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Sat11252017

Last updateWed, 27 Sep 2017 1pm

Way back in April, I dismissed the debut of Great News (Thursdays, NBC) as an inferior Tina Fey production that lacked the snap of 30 Rock and Unbreakable Kimmy Schmidt, and I saw no point in the casting of Nicole Richie. But by the time the newsroom comedy wrapped its initial 10 episodes, Great News had found its goofy groove, and Richie proved herself to be an adept comic actress. (Let’s just pretend that VH1’s Candidly Nicole never happened.) Sure, Andrea Martin could dial it down a little—OK, a lot—but so what? Season 2 continues the subtle-but-sharp transformation into 30 Rock 2.0, meaning Great News is no longer the worst sitcom on NBC … here’s looking at you, Will and Grace.

Like Ghost Wars, Superstition (series debut Friday, Oct. 20, Syfy) is an effectively creepy Syfy show saddled with a lame title: C’mon, Ghost Wars sounds like a reality series about haunted storage units, and Superstition sucks hard enough for Freeform. The setup for Superstition, however, is solid: The Hastings family (patriarch-ed by series creator/producer Mario Van Peebles) runs the only funeral home in a small Georgia town, and they also specialize in “afterlife care” for souls who met mysterious deaths by demonic “Infernals” (there’s your title!), and generally kick supernatural ass. Bonus: Where the wildcard of Ghost Wars is singer Meat Loaf, Superstition has pro ’rassler Diamond Dallas Page. Spooky!

We’ll always have October, and we’ll always have The Walking Dead (Season 8 premiere Sunday, Oct. 22, AMC). Like the zombie apocalypse and Christianity, it’s never going away, but we must keep fighting to vanquish them anyway. Eight seasons is plenty, though I would argue that Showtime’s Shameless should run at least 20, because it is the greatest series on TV, and I’d win the argument, so shut up. As for TWD’s Season 8 premiere, it’s more of the same: blood, action, dripping flesh, more blood, flannel, homoerotic glances between Rick and Daryl, etc. Me, I’m curious to see if the righteous morons who were outraged at Season 7’s “family unfriendly” violence—in a cable show about zombies!—will be back.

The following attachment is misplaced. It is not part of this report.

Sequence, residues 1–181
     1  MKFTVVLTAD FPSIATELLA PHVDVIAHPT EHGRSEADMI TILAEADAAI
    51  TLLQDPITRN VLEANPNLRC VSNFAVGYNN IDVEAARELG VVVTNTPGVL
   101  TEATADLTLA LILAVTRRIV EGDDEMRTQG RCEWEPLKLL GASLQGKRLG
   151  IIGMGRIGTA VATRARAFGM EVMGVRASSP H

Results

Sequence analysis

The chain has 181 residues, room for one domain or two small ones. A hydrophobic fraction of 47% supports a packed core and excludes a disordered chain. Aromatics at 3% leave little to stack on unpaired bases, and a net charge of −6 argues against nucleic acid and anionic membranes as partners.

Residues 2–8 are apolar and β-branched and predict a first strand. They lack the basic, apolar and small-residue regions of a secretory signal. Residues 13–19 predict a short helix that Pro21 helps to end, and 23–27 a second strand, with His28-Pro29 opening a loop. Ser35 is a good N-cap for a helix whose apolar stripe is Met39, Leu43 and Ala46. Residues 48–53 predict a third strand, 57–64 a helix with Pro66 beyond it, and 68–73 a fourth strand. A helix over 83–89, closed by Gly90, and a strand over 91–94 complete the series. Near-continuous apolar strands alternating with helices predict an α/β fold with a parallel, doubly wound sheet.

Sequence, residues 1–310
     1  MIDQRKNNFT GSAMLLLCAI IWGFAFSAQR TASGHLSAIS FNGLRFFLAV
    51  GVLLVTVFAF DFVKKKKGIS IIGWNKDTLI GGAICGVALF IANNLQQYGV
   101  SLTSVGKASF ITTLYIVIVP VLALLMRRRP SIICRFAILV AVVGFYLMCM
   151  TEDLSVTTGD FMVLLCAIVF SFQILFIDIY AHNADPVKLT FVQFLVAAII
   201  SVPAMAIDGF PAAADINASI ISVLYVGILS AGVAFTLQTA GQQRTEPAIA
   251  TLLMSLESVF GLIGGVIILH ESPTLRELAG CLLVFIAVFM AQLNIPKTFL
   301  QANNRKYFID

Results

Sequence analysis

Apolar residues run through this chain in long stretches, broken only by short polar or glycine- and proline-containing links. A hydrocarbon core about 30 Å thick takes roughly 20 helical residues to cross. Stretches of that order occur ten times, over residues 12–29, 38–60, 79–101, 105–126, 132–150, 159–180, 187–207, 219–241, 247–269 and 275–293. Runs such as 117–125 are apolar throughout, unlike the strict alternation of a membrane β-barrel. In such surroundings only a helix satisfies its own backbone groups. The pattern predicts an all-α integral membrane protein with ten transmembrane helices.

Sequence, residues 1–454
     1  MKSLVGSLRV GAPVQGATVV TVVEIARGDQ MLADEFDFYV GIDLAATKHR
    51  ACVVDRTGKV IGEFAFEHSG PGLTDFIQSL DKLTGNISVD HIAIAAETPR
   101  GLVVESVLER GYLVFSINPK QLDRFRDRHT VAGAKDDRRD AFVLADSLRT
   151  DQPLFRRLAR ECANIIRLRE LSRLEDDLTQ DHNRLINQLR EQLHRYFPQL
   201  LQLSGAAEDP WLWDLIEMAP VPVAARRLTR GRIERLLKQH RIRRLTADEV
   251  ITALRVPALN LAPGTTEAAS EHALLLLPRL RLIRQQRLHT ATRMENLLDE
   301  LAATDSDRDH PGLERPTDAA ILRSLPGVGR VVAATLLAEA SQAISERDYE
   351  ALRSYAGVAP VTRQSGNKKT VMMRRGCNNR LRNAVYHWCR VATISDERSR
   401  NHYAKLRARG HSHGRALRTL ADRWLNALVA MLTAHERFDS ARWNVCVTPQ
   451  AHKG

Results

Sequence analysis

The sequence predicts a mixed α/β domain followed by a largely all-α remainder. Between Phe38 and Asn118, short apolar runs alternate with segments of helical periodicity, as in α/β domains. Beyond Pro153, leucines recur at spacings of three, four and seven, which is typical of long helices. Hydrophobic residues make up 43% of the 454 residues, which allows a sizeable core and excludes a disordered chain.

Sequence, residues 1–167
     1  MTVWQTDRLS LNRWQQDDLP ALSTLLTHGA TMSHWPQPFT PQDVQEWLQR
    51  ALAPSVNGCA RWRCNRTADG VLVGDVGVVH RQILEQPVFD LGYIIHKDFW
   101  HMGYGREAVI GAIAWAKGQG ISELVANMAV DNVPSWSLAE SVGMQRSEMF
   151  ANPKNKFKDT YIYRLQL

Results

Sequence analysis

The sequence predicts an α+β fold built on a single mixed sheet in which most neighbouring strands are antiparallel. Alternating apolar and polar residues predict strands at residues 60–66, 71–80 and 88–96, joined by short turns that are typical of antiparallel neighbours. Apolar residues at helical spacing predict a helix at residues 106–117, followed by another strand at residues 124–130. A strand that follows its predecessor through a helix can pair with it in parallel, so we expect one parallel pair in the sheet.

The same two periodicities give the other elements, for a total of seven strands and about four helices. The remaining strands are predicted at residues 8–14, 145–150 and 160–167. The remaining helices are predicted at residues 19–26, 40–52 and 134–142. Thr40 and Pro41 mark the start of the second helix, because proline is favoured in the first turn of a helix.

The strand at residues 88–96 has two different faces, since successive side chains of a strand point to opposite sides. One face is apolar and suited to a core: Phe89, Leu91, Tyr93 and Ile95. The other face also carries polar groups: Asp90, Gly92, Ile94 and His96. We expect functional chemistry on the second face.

Too much has been written about why Kevin Can Wait (Mondays, CBS) killed off a perfectly good wife character in order to reunite Kevin James with ex-King of Queens co-star Leah Remini in Season 2, and not nearly enough about why this piece of shit is still on. So … why is this piece of shit still on? It’s a forced, painfully unfunny sitcom that’s an insult to even the intelligence of CBS viewers who’ve allowed four seasons of Scorpion to just happen, and the addition of Remini makes little difference when the writing is nowhere near the caliber of King of Queens’ writing (which wasn’t gold, but at least it was, you know, comedy). Please join me again in 2026 when I rewrite this paragraph for KCW’s Season 10 premiere.

Like a bizarre collision of Martha Stewart Living and the comic actress’ cult favorite Strangers With Candy, At Home With Amy Sedaris (series debut Tuesday, Oct. 24, TruTV) is the how-to crafting, cooking and hospitality show of the end times—or, at least, the weirdest thing on TruTV. Modeled loosely on Sedaris’ books I Like You: Hospitality Under the Influence and Simple Times: Crafts for Poor People, At Home combines utterly useless homemaking tips with sketch comedy and game guests (like Paul Giamatti, Jane Krakowski, Sasheer Zamata and the infamously humorless Michael Shannon). This takes the surreality of Martha and Snoop’s Potluck Dinner to a whole ’nother level.

Speaking of Snoop, what’s this all about? Snoop Dogg Presents The Joker’s Wild (series debut Tuesday, Oct. 24, TBS) is based on ’70s game show The Joker’s Wild, which involved a giant slot machine and trivia questions; in Snoop’s house, the slot machine remains, but the trivia has been replaced with “giant dice, playing cards, streetwise questions and problem-solving.” At least it’s kinda new, unlike Drop the Mic (series debut Tuesday, Oct. 24, TBS), which is just a celebrity rap battle rip-off of Nick Cannon’s Wild n’ Out given a cheese-glaze finish. Then again, Lip Sync Battle looked none too promising when it debuted, and that gave us … well, Chrissy Teigen’s boobs.